Athletic Director Emeritus, Jeff Beard, a student at the time, helped assemble the temporary bleachers at Drake Field. "Each year bleachers were erected ten rows high on each side of the field." He recalls, "They held approximately 700 people, the seating capacity for our home games. We had one home game a year."
By the late 1930s, crowds were too large to be adequately accomodated in the temporary bleachers at this location, and Auburn found itself forced to play most of its games on the road, usually in Birmingham's Legion Field, Montgomery's Cramton Bowl, Mobile's Ladd Stadium, and Memorial Stadium in Columbus, Georgia. From this unhappy situation, with the team forced to play home games far from home, came the seeds of the mighty edifice which now graces the Auburn campus.
As the end of the 1930s neared, Auburn leaders understood they simply had to build a home stadium for their wandering team. "There was a terrible need for a stadium...if we were going to compete with the rest of the schools in the Southern Conference," says Jeff Beard. "Coach Meagher realized something had to be done. He continued to improve the team and the schedule." The team's success "began to give Auburn people the feeling that Auburn should have a home stadium to play in and that Auburn's facilities needed to be improved."
As early as 1934, the university's Physical Plant had considered building a "concrete stadium to put Auburn on the map," though with the lingering effects of the Depression, nothing had come of it. By 1937, the decision had been made to build, should the funds be available. Moving to a third site, preparations were begun for the construction of a permanent facility, Auburn Stadium. A young Jeff Beard, helping to survey the area, drove in the first stake to mark off the future stadium. Auburn has played on this site ever since.
By 1938, the economic situation had improved to the point that Auburn President Dr. L.N. Duncan could report the approval by PWA Secretary Ickes of "the most ambitious building program ever undertaken by the Alabama Polytechnic Institute." Among items included in the $1,446,900 PWA-funded project was the construction of a $60,000 stadium unit, which included erection of concrete stands, engineering work to prepare the area, and completion of a modern track facility.
Engineering work was indeed needed at the new site. A meandering stream at the bottom of the valley had to be diverted and filled in. In addition, before a stadium and field could be built there, the previous tenants needed evicting. These inhabitants consisted of a herd of goats, belonging to the dean of the school of veterinary medicine, which grazed in the valley. These goats exhibited a severe nervous condition, one which would be duplicated by supporters of many visiting teams over the years.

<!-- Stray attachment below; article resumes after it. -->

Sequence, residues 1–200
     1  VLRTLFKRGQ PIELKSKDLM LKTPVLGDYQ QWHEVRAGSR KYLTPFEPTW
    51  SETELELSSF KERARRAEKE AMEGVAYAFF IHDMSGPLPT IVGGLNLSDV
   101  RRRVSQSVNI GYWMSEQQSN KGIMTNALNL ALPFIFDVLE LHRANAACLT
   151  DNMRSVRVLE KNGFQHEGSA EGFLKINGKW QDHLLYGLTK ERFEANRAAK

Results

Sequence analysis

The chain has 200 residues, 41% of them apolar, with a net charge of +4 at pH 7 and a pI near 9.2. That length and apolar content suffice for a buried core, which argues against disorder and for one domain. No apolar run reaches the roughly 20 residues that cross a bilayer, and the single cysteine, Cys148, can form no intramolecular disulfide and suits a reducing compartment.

The original grandstand, "Auburn Stadium," was designed by Arnold G. Wurz, who passed away in 1989, just weeks before the stadium's fiftieth anniversary. The name choice, "Auburn Stadium," is significant in that it reflects the tendency of all associated to refer to the team and school as "Auburn," even in the 1930s. The school was actually designated Alabama Polytechnic Institute and officially became Auburn University only in 1960.
1939: Auburn Stadium
By November of 1939, Coach Jack Meagher, who had coached the team on tiny Drake Field, at last had a stadium of his own, modest as it was. Having played Florida in a number of different cities over the previous years, the Gators seemed a good opponent with which to christen the new, 7,290-seat facility. "People wondered what we were going to do with that many people coming to town," Beard says. Restrooms in particular were a concern, as the town itself had only two gas stations at the time.
The field house, now Petrie Hall, was also under construction and not completed in time for the game. Florida players were forced to dress in uniform in their hotel in Opelika before riding to the stadium. Incidents such as this over the years further complicated Auburn's efforts to move important games to the campus.
Auburn and Florida tied, 7-7. The game was a success. The original 7,290 seats remain today as the lower half of the west stands. Only a year later 4,800 wooden bleachers were added to the east side, demonstrating the viability of a home field and dispelling the doubts of the naysayers. Auburn Stadium was a success, and it seemed there was nowhere to go but up.
II. THE EARLY YEARS
1949: Cliff Hare Stadium
Despite the stadium's success, only twelve home games were played there between 1939 and 1949, as Auburn continuted to struggle to convince other teams to travel to East Alabama. "We began to play more important games at home," Beard remembers, but notes that most were still played at other sites. "The only advantage we had playing on the road had to do with financing. We could still make more money by playing in the bigger stadiums on the road."
To make matters worse, in the final three years of the decade, the team won only three games. Fortunately, even in the lean times, the seats had been filled. With such an obvious financial incentive, by the end of 1948, the time had come for expansion.